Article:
The public part of the visit of Prime Minister Alexis Tsipras to Constantinople and the Halki Seminary undoubtedly produced historical moments.
There were touching photos of the Greek Prime Minister in Hagia Sophia, with Turkish officials as his tour guides in this Byzantine masterpiece and pan-Christian symbol. He followed them with a serious, thoughtful look on his face, perhaps pondering Hellenism’s losses…It was the same at the Halki Seminary, the one-time brilliant nursery of Christianity and Hellenism, unacceptably closed by a Turkish firman in 1971.
There, the Prime Minister of Greece stood reverently, as was appropriate, during the Divine Liturgy at the Church of the Holy Trinity, next to the Ecumenical Patriarch, again, very reverently. He visited the School’s priceless Library and looked at one of its volumes with interest.
He did all the things protocol required. Exchanging gifts, as tradition demanded, with the Patriarch. Being photographed with his entourage – including the Greek Minister of Education – and the patriarchal escort on the stairs of the entrance to the impressive building of the Seminary.
Making a statement that he can imagine the School re-opening and being visited with his “new friend”, President Erdogan.
Truly memorable moments: The Prime Minister of Greece showing so much reverence, so much interest and commitment to our religion, to our Church.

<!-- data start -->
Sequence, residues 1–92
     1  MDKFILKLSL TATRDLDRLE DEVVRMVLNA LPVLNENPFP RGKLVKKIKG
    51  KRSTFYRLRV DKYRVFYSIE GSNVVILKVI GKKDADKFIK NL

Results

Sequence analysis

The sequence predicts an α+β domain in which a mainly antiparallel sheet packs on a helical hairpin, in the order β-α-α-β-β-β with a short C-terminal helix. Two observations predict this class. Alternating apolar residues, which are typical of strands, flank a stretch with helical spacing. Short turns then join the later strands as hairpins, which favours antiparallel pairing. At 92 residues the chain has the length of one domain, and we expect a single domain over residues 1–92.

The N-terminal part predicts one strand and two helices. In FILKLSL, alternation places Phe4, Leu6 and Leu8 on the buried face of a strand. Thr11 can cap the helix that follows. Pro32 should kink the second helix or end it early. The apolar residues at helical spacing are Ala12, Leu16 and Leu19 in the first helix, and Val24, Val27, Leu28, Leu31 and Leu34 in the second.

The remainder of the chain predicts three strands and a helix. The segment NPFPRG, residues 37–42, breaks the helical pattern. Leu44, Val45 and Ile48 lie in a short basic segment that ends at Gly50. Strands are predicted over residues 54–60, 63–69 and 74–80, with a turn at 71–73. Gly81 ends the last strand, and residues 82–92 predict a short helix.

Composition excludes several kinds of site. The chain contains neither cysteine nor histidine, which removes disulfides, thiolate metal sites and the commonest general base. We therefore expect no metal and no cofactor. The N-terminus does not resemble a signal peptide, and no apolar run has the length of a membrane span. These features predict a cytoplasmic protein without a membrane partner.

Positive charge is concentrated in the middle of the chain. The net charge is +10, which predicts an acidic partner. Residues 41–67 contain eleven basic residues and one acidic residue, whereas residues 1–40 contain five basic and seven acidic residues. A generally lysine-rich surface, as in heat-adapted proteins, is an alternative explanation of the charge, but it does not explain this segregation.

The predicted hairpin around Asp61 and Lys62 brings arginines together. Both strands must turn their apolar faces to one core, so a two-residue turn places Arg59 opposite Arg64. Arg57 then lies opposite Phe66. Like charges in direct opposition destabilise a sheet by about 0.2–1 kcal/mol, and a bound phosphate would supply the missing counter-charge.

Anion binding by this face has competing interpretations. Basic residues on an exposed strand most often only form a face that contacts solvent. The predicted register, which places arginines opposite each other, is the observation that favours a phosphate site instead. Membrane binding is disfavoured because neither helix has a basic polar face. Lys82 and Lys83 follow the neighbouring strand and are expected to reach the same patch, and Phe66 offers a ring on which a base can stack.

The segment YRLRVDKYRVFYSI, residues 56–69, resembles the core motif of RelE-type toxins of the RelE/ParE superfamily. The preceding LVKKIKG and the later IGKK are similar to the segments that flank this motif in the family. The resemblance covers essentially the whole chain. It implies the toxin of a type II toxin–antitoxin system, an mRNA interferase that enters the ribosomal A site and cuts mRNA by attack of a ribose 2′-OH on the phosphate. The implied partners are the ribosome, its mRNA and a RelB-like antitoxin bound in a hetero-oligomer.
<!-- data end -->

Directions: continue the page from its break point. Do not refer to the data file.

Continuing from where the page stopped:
With such displays of devotion, he might have been taken for a high cleric himself.
I wish things were as they seem, I really do – but they are not.
Mr. Tsipras “put on” his rasa (vestments) for political reasons. To reach out to critical center-right voters in Greece.
To create the impression that he has forgotten his old ideology. He is now a man of the center, “one of us.” Even on the subject of the Church.
But he is not convincing.
He did not convince us because he is the same Alexis Tsipras who was the first Prime Minister in the history of Greece to take his oath of office without swearing on the bible.
And he is the same prime minister whose government is trying to take religion out of the schools. And he is the same prime minister who is trying to move clergy salaries from one fund to another so he can claim he achieved the separation of Church and State.
And the words he said about re-opening the School sounded good. However he did not say a word when, during their statements to the press, Erdogan bound up the Halki issue with a thousand ropes to the subject of the selection of muftis in the Thrace province of Greece .
And last, but not least: What a nice photo it was– showing the Prime Minister and the Patriarch chatting at the head of a magnificent table in an great room of the School! But the question is: Did they say anything about the Greeks abroad?
Did they say anything about the Greek-American community – our Church here, and its issues?